This campaign, he lived up to a good Turnbull Stakes third in winning the feature two weeks ago, which followed an alright preparation in Sydney when he was seventh in the Tramway behind Malavio and fifth in the George Main behind Streama.

He’s building an imposing record – you’d be happy with nine from 20 any day – but there are serious question marks over whether he can stay the distance.

It was the same reason I opposed him in the Caulfield Cup, and although I was wrong on that occasion, I have to stick to my guns. With the distance query, I have to overlook the striking grey.


11. MOURAYAN (19)Mourayan
Alhaarth x Mouramara (Kahyasi), 8yo horse

Bred in: Ireland
Nationality: Australia
Trainer: Robert Hickmott
Jockey: Brenton Avdulla
Weight: 54.5kg
Career stats: 40:5-8-5
Win/Place Percentages: 12%/44%
Last 5 starts: 841×78
Distances won at: 1 (3200m), 1 (2500m), 1 (2000m), 1 (1810m), 1 (1609m)
Biggest win: Group 1 Sydney Cup (3200m), Randwick, 27/4/2013
Summary of his chances: The sixth-stringer of the Macedon Lodge sextet. No.
Predicted finish: 20th

Sydney Cup winner who, I think it is fair to say, is the sixth-stringer for leviathan owner Lloyd Williams.

He has been a great campaigner for the team at Macedon Lodge, and he did run a rather good seventh in last year’s Melbourne Cup.

Heading into the Sydney Cup, he was out of form too, although not so significantly – he finished fourth in the Chairman’s Quality at Randwick before winning the Sydney feature. That day, he beat Norsqui and Aliyana Tilde – and I can’t say I’d be backing any of them in a Melbourne Cup of this calibre.

This preparation, he ran a good seventh first up behind Foreteller in the Makybe Diva Stakes before stepping straight up to 2400m for The Metropolitan. He finished a lacklustre eighth, and I’m not convinced of the strength of that form.

On Saturday, it was advised he was to be ridden forward in the Mackinnon Stakes, but Steven Arnold looked hesitant to take him to the lead and he let Side Glance go around and dictate. He dropped out to finish seventh.

From barrier 19, I think Brenton Avdulla will have to take him to the lead, and it will depend on how much pressure comes on from outside him with Tres Blue and Ruscello as to how hard they go.

No matter how he’s ridden on Tuesday, though, he looks to be making up the numbers.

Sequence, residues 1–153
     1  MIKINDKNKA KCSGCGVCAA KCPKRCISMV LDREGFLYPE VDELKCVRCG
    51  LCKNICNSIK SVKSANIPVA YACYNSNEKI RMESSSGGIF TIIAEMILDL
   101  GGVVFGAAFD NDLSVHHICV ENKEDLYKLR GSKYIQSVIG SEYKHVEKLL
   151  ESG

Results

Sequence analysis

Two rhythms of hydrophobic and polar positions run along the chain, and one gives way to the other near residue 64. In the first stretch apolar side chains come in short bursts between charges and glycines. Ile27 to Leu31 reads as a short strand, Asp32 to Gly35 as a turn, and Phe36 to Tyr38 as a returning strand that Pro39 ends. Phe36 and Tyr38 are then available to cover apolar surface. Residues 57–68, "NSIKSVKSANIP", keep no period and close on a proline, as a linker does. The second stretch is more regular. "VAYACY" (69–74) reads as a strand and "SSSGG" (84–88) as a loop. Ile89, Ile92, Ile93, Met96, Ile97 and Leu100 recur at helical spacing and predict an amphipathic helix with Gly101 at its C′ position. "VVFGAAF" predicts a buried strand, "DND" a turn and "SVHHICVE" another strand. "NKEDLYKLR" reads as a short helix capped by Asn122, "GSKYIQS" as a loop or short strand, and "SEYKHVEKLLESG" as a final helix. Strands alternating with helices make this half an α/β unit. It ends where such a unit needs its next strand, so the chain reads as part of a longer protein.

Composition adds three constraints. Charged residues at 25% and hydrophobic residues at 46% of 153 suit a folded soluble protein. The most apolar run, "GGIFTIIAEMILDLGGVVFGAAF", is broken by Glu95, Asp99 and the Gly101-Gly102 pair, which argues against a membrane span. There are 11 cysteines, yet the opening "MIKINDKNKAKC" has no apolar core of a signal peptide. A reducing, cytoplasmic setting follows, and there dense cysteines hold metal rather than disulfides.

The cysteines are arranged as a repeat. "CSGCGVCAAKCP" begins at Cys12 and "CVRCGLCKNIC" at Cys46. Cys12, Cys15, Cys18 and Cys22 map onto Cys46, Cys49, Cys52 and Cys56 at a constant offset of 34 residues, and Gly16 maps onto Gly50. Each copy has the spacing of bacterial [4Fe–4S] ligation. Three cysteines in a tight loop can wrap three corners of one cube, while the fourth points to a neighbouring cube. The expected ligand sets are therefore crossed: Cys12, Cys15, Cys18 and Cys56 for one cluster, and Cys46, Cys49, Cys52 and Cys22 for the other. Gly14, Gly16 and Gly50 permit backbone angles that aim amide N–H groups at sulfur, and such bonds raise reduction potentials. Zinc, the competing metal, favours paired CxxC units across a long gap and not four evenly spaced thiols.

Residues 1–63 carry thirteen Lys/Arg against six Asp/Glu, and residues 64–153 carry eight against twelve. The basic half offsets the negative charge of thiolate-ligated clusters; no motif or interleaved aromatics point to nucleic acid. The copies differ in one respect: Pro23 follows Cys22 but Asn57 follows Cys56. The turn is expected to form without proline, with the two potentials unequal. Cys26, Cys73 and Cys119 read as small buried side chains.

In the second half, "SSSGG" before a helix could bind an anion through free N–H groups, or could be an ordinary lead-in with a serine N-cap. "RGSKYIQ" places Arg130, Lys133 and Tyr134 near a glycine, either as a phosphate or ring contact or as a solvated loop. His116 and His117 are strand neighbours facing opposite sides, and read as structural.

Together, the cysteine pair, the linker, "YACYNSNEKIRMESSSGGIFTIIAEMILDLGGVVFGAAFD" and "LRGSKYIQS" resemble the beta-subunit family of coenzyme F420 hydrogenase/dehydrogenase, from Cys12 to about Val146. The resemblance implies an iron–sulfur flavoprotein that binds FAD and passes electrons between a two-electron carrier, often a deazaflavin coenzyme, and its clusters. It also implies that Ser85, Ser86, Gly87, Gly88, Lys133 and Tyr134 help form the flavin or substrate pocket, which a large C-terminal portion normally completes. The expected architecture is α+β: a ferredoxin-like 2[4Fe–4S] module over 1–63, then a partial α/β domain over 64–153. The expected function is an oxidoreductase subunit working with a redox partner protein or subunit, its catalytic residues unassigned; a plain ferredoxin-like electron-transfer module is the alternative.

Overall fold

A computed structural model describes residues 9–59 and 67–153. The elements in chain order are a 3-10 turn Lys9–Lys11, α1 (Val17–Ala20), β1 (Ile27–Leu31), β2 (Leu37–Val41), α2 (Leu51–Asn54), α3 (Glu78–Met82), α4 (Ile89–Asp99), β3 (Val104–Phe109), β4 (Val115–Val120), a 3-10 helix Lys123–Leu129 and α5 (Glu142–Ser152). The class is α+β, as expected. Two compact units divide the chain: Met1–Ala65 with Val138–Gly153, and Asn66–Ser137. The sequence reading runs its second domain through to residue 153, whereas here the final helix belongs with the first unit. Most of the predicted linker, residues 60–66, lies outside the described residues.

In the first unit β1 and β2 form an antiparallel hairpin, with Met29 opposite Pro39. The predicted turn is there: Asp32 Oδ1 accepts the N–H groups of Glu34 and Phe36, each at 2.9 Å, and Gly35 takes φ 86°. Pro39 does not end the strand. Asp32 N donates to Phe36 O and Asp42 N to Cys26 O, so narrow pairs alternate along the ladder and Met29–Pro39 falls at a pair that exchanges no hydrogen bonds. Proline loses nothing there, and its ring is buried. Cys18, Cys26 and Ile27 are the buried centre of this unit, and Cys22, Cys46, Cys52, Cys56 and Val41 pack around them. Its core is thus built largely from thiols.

He could have been entertained if he showed more in the Mackinnon Stakes on Saturday, but he showed absolutely nothing and there’s no way you could back him to beat a horse like Dear Demi home, given she meets him 1kg better at the weights.

Anyway, I doubt he has the quality of his stablemates and I think he’s a long way down the pecking order. Pass.


12. SEVILLE (9)Seville
Galileo x Silverskaya (Silver Hawk), 6yo horse

Bred in: Germany
Nationality: Australia
Trainer: Robert Hickmott
Jockey: Hugh Bowman
Weight: 54.5kg
Career stats: 19:2-6-1
Win/Place Percentages: 11%/47%
Last 5 starts: 00917
Distances won at: 1 (2400m), 1 (1408m)
Biggest win: Group 1 The Metropolitan (2400m), Randwick, 5/10/2013
Summary of his chances: Not sure about his form but there’s something about him. Winning hope.
Predicted finish: 7th

Former Coolmore galloper who ran second in the Irish Derby (behind Treasure Beach) and Grand Prix de Paris (behind Meandre) while trained by Aidan O’Brien. At his last start before he came to Australia, he finished fourth in the English St Leger behind Masked Marvel, Brown Panther and Sea Moon – and he meets all three again!

When he arrived last year, he had a traditional late autumn preparation, where he finished fourth to Linton in the R A Lee Stakes in Adelaide. He improved from a 10th in the Lawrence Stakes to finish fifth to Folding Gear in the Naturalism Stakes.

He pushed onto the Turnbull Stakes, where he unleashed a burst to defeat all bar eventual Melbourne Cup winner (and his stablemate) Green Moon. However, after that run, he contracted a virus and was put out to spell until the start of the spring this year.

He didn’t beat a single runner home at his first two runs in the Memsie Stakes and the Dato Tan Chin Nam Stakes, but he improved to run seventh in the Naturalism Stakes (which was dominated on pace) before he went to Sydney and won The Metropolitan.

He then dropped back in distance for the Cox Plate and ran a terrific seventh, by far the best of the three Lloyd Williams-owned runners.

I’m still not overly convinced about his form coming into this race – The Metropolitan in particular looks worthless now – but he has a little bit of that x-factor which makes you think twice.

The other query I have about him is that the Galileos tend to struggle at 3200m, especially in Australia.

Nevertheless, he’s some chance for sure.


13. SUPER COOL (13)Super Cool
Fastnet Rock x Queen Mother (Kingmambo), 4yo gelding

Bred in: Australia
Nationality: Australia
Trainer: Mark Kavanagh
Jockey: Corey Brown
Weight: 54.5kg
Career stats: 14:4-2-3
Win/Place Percentages: 29%/64%
Last 5 starts: 34935
Distances won at: 1 (2040m), 1 (2000m), 1 (1800m), 1 (1300m)
Biggest win: Group 1 Australian Cup (2000m), Flemington, 9/3/2013
Summary of his chances: A Fastnet Rock over 3200m? No thanks.
Predicted finish: 23rd

Australian Cup winner who comes to Flemington with a sense of timing about him – although, to be fair, he may not be at his best this preparation either.